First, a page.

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Winging it: Quebec City

We head to Quebec’s capital city and detail a whirlwind itinerary that combines glimpses of history with cutting-edge gourmet experiences.

Quebec City guide

What to do

Quartier Petit Champlain, Quebec City

With arguably more history packed inside its old city walls than anywhere else in Canada, Quebec City is the long-weekend trip you’ve been meaning to take. Visitors will be rewarded with old-world charm that feels like you’re an ocean (and not a one-and-a-half-hour flight) away from Toronto. Horse-drawn carriages trotting down cobblestone streets will sneak into the photos you snap – but scratch beneath the surface and you’ll find a cosmopolitan hub with more than just tourist trappings. The 400-year-old city has a thrilling food scene and nightlife that will keep you up later than expected.

Dedicate time to unpacking the history of this once-strategic fortress, the only walled city north of Mexico. Start at the star-shaped citadel and see for yourself how the city got its name from the Algonquin word “Kebec,” meaning “where the river narrows.” Terrasse Dufferin has the best views of Château Frontenac, the world’s most photographed hotel. Next, head to the nearby Plains of Abraham, Canada’s most important battlefield, where the British defeated the French in a short but pivotal battle in 1759. Don’t miss Quartier Petit Champlain, the oldest (and dare we say, cutest) commercial district in North America. If you don’t feel like taking the Breakneck Stairs, Quebec’s oldest staircase, ride the funicular to the shopping row.

Beyond Quebec’s old city walls lies the working class neighbourhood of Saint-Roch. What was once a run-down district has seen a Queen-West-esque transformation in recent years, with young professionals calling it home and visitors making the twenty-minute trek to some of the city’s trendiest restaurants, coffee shops and bars. Le Clocher Penché is a bustling brunch spot with an impressive wine list and stellar plates of pasta. Down the road, L’Affaire est Ketchup is a small operation delivering big flavours – the only menu is handwritten on a chalkboard and their adventurous French cuisine (sweetbreads, bison) is whipped up in a tiny kitchen consisting of two electric stoves.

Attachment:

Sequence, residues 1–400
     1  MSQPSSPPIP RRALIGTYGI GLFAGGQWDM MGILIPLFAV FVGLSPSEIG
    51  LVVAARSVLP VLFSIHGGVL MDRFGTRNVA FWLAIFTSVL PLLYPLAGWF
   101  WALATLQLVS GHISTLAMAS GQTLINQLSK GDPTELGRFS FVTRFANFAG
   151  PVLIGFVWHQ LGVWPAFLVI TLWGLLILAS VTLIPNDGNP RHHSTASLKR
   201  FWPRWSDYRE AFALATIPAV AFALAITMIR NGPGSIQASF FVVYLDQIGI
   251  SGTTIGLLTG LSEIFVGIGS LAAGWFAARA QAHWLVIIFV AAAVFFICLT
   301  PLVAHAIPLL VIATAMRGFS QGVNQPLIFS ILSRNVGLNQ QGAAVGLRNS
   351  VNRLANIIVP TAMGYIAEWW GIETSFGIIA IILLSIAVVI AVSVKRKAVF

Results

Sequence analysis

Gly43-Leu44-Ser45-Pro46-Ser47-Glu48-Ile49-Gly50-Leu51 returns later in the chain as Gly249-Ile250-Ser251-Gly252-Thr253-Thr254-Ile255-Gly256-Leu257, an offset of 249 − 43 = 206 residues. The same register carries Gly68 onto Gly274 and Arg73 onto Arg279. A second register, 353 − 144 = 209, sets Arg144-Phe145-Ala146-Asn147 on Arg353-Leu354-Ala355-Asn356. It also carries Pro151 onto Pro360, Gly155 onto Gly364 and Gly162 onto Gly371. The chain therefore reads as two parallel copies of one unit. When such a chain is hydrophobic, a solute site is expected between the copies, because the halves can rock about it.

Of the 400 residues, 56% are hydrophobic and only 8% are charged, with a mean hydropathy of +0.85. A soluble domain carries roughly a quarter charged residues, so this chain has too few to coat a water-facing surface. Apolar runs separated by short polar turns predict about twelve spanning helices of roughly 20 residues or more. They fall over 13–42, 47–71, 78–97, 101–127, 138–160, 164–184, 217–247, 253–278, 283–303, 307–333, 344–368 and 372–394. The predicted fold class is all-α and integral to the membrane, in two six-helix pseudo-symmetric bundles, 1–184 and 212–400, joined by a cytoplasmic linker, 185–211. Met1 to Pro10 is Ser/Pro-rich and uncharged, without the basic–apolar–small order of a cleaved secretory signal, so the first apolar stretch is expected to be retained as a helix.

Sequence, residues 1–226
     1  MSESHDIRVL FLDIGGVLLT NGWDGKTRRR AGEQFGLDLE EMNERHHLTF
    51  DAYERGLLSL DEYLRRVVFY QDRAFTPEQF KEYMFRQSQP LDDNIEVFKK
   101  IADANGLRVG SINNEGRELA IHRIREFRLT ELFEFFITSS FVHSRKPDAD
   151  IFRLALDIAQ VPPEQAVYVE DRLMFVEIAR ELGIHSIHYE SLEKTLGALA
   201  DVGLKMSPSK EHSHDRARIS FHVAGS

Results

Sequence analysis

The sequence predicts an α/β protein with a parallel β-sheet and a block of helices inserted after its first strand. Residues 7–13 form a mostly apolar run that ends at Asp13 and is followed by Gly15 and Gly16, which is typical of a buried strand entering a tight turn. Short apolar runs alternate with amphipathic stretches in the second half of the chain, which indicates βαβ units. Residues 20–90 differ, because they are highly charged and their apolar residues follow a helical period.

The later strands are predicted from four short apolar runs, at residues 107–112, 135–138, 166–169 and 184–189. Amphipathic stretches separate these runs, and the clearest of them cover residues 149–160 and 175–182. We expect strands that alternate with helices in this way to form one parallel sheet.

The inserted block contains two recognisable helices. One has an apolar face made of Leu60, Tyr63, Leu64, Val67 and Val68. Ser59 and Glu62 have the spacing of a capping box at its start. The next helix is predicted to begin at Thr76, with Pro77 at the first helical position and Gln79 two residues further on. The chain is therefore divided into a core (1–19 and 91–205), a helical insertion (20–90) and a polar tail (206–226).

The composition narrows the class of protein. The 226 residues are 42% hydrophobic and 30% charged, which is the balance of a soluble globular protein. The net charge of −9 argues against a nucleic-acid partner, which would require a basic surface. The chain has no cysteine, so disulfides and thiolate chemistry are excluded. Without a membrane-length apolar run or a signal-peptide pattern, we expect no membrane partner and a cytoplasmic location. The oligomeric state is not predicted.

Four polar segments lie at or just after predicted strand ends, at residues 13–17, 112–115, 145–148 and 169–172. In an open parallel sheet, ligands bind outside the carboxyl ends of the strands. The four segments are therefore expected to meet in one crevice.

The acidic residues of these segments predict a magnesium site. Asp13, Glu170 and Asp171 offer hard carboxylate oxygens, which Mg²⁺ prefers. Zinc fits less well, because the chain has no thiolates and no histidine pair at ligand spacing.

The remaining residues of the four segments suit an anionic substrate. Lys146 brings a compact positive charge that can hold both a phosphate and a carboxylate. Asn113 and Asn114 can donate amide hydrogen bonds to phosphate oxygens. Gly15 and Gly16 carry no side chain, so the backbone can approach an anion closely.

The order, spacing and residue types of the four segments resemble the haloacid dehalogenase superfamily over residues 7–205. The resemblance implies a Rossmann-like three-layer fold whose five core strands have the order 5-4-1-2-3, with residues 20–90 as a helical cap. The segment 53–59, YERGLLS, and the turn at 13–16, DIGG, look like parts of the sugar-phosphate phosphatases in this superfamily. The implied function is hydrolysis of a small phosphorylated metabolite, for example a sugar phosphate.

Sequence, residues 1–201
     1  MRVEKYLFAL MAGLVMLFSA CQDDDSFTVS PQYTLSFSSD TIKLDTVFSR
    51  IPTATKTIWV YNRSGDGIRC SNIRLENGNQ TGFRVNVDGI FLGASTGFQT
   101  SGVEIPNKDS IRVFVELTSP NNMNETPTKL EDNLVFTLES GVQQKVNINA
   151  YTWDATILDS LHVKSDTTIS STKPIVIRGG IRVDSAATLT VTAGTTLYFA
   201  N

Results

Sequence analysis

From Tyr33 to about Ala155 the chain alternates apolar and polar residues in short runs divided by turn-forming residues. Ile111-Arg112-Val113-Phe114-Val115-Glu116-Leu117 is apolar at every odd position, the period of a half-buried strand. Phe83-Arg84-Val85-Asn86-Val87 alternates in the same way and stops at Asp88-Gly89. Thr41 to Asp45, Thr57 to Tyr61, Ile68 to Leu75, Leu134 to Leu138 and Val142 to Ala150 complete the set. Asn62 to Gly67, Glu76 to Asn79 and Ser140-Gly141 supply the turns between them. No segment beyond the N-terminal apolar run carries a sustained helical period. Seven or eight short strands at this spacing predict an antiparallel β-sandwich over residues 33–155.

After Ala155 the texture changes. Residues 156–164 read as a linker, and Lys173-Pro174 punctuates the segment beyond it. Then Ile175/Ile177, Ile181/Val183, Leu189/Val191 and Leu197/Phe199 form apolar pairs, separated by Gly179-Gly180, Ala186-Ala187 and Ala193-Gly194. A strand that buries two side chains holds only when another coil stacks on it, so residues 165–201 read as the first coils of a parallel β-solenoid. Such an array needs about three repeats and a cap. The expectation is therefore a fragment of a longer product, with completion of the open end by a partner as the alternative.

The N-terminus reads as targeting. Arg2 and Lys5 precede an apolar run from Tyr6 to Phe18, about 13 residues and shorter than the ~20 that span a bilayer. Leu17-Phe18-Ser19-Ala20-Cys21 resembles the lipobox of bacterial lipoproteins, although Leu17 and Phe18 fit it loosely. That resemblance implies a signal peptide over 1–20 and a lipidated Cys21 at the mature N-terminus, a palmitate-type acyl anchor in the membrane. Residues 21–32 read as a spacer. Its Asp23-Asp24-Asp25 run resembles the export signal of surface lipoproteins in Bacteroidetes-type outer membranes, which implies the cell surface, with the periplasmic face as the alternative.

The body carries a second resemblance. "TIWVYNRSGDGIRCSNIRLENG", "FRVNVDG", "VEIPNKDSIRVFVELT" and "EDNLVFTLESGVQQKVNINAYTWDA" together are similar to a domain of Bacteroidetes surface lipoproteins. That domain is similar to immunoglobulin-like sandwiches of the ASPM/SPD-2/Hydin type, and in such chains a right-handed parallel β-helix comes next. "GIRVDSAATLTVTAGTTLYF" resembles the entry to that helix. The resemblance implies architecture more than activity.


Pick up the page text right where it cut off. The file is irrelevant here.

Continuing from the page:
What to eat and drink

Le Sam Bistro Évolution, Quebec City

Le Sam Bistro Évolution lets you get up close and personal with the Fairmont Château Frontenac. Snag a seat in the sunny conservatory and watch tourists traverse the boardwalk as you sip classic cocktails and dig into life-changing courses like the Gaspesian lobster tail on tagliatelle.

Home to 100 per cent Canadian-beef burgers, Le Chic Shack in Place d’Armes is worth the wait. Go all out and order housemade poutine with local cheese, and shakes made with Laiterie De Coaticook’s old-fashioned ice cream. Top tip: spike your milkshake.

Inside the Auberge Saint-Antoine hotel, Chez Muffy offers diners a lavish farm-to-fork menu – two can share ($120) a mix of decadent dishes like oysters and duck foie gras torchon. Snuggle up to the fire at this historic warehouse which dates back to 1822.

Where to stay

Monsieur Jean, Quebec City

Be one of the first guests to stay at Monsieur Jean, which opened in late September on Rue Pierre Olivier Chauveau. This chic addition to historic Upper Town is walking distance from most attractions and offers guests floor-to-ceiling views of the St. Lawrence River. Decor here is playful but moody with signs of Monsieur Jean (the hotel’s omnipotent, namesake host) scattered across the property in flourishes of royal blue. Head across the chequerboard tiles in the lobby to the cubbyhole filled with books and board games, or get yourself some bedtime reading from the short story machine. 

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